Latin

latin_circled_flagSalve!

Latin is a bit different from all our other language courses, not least because there are no native speakers. At least, not any more.

For anyone with an interest in European history however, a working knowledge of Latin is essential. The earliest examples date back to the third century BC but it was the expansion of the Roman Empire which established Latin as a lingua franca around the Mediterranean. Even after the decline and fall of Rome, Latin remained an important language across Europe, used for legal and administrative documents and taught (where education existed) as an essential subject.

Latin flourished during the renaissance and continued to be used throughout the 16th, 17th and 18th centuries by scholars and especially by scientists. Great books written and published in Latin include Thomas More's Utopia, Copernicus' De revolutionibus orbium coelestium, Newton's Principia Mathematica, Linaeus' Systema Naturae and works by Milton, Kepler, Hobbes, Galileo, Huygens and Spinoza. As late as 1864, Dutch zoologist Jan van der Hoeven published his textbook Philosophia Zoologica not in Dutch, English, French or German, but in Latin.

The Roman Catholic Church used Latin for its liturgies until the 1960s and still uses it for official documents and pronouncements. In the late 20th century a vogue developed for translating modern works into Latin; examples include Winnie the Pooh, Harry Potter, Charlotte's Web and Dr Seuss. Rather wonderfully, the public signage at Wallsend Metro Station, Tyne and Wear is in English and Latin (in acknowledgement of nearby Hadrian's Wall).

Levels offered: Latin

PRE-SESSIONAL Academic Research Beginners (level 1 - Equivalent to A1 and A2+)

You have little or no prior knowledge of Latin and you want to learn Latin for academic research purposes in an intensive manner to start the year prepared for your research. This course focuses on developing reading and text interpreting skills.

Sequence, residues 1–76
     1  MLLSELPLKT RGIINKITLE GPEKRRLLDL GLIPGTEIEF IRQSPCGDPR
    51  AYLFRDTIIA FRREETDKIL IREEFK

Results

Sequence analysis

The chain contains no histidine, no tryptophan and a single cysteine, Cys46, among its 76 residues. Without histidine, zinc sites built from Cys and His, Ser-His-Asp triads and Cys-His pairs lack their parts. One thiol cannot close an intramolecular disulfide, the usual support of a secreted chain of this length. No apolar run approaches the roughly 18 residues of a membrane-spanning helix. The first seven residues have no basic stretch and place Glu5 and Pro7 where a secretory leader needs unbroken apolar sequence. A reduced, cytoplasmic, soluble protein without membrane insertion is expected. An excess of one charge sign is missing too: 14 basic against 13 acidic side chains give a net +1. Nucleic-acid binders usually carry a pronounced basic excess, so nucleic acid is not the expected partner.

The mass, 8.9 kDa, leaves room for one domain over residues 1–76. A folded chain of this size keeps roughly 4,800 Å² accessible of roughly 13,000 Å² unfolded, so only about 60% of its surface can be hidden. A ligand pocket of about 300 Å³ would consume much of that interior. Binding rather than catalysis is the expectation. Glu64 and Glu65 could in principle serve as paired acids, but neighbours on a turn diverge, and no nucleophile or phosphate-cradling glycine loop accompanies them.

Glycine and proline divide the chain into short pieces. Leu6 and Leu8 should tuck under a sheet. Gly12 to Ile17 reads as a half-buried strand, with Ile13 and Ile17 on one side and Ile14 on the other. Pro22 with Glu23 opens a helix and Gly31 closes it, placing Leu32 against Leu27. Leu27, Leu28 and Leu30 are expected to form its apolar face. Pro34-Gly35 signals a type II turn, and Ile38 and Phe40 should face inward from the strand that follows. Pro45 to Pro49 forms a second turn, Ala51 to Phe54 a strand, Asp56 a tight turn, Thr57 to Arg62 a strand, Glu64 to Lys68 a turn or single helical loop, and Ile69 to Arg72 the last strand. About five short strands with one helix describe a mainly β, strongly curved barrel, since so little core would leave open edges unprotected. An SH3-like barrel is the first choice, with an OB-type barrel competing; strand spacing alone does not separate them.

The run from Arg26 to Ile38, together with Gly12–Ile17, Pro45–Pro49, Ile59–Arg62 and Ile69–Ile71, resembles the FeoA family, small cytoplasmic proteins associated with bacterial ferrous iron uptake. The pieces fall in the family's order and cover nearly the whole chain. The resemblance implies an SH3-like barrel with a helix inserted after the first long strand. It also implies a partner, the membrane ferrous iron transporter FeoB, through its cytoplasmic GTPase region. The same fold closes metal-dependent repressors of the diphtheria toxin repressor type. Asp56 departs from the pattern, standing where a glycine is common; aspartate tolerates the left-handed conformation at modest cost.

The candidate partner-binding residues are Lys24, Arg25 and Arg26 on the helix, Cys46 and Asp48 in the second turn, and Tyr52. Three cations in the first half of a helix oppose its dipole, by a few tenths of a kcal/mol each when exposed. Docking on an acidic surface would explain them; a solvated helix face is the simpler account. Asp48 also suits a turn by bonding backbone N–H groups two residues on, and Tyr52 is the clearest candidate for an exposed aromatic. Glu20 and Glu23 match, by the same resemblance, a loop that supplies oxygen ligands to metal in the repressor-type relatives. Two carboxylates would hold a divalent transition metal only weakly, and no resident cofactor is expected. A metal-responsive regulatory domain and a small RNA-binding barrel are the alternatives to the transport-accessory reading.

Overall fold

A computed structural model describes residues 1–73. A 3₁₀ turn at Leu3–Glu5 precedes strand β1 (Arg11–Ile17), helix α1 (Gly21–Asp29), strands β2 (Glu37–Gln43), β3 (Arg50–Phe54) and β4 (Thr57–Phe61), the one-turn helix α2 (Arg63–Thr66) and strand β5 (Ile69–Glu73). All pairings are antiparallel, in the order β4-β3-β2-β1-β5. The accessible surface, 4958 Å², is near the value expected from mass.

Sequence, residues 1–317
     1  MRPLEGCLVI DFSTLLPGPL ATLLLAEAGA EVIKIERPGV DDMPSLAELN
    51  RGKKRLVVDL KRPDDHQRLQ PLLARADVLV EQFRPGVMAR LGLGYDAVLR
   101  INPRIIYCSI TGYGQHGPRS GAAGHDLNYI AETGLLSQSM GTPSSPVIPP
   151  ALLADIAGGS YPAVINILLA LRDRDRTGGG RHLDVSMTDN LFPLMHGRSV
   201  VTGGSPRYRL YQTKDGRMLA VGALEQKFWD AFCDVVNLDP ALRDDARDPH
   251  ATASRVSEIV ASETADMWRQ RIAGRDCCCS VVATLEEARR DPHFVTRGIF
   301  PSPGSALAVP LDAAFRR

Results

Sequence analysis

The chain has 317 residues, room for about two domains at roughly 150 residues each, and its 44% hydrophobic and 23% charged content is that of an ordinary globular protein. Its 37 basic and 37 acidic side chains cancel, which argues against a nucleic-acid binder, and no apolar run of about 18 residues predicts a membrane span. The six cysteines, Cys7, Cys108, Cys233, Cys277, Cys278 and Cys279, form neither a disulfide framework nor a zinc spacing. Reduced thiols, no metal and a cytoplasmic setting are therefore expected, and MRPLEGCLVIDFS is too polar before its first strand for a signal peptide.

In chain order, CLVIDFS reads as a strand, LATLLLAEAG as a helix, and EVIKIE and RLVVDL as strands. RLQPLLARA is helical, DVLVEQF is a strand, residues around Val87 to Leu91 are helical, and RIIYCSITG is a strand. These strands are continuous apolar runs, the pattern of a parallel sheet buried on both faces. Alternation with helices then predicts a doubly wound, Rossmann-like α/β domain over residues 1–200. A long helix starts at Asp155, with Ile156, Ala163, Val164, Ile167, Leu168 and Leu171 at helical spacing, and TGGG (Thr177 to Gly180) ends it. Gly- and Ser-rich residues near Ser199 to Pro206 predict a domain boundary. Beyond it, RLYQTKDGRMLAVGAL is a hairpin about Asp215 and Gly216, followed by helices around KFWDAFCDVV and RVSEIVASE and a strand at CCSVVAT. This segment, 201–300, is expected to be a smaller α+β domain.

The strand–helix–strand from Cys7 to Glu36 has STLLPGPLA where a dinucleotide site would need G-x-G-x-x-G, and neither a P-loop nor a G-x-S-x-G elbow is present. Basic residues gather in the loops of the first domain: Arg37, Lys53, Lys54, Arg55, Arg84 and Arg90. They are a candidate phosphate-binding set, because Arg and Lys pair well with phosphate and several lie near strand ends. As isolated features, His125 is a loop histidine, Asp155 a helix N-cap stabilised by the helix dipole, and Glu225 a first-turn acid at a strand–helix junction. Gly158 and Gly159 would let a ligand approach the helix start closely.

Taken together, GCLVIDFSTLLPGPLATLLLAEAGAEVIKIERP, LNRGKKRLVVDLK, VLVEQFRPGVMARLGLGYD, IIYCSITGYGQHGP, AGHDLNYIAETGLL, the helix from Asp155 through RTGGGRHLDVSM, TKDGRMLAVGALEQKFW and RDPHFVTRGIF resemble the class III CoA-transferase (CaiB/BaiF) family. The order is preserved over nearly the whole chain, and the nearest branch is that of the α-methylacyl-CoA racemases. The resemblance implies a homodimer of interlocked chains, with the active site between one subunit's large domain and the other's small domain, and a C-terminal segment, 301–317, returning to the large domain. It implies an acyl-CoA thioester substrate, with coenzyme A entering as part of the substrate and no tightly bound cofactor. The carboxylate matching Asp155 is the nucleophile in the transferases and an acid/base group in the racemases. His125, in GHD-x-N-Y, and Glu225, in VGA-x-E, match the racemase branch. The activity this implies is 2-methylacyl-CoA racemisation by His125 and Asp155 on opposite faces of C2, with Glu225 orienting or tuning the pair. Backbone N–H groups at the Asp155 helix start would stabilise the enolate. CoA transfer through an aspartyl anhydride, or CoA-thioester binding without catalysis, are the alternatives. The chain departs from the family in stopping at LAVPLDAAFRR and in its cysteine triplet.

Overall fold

Academic Research Beginners (level 1 - Equivalent to A1 and A2+)

You have little or no prior knowledge of Latin and you want to learn Latin for academic research purposes. This course focuses on developing reading and text interpreting skills.

Academic Research Intermediate (level 3 - Equivalent to B1+)

You can already read and translate basic texts in Latin manipulating basic Latin grammar and syntax, and you want to improve your Latin for academic research purposes. This course focuses on developing reading and text interpreting skills.

Start learning now:

  • Incorrect: Romanes eunt domus
  • Correct: Romani ite domum ("Romans go home!"… 'The life of Brian' by Monty Python)

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Contact Details

e: lalenquiries@le.ac.uk

t: +44 (0) 116 252 2662

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Language degrees

Modern Languages at Leicester, part of the School of Arts, offers undergraduate and postgraduate degrees combining French, Spanish and Italian with each other and with other academic subjects. We also offer degrees in translation and interpreting.

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images: Wikipedia

NEW Courses 2018

Enrolments for courses starting in January 2018 will open on 1st December 2017.

2017-2018 Term Dates

Classes run during the University terms and take place during evenings, afternoons and Saturdays:

Term 1: Autumn term (10 weeks)

Monday 9 October – Saturday 16 December 2017

Term 2: Spring term (10 weeks)

Monday 22 January – Saturday 31 March 2018

Term 3: Summer term (10 weeks)

Monday 30 April – Saturday 7 July 2018

Summer School (2 intensive weeks)

Monday 18 – Friday 29 June 2018

Please note Languages at Leicester courses will be running during University of Leicester Reading Weeks.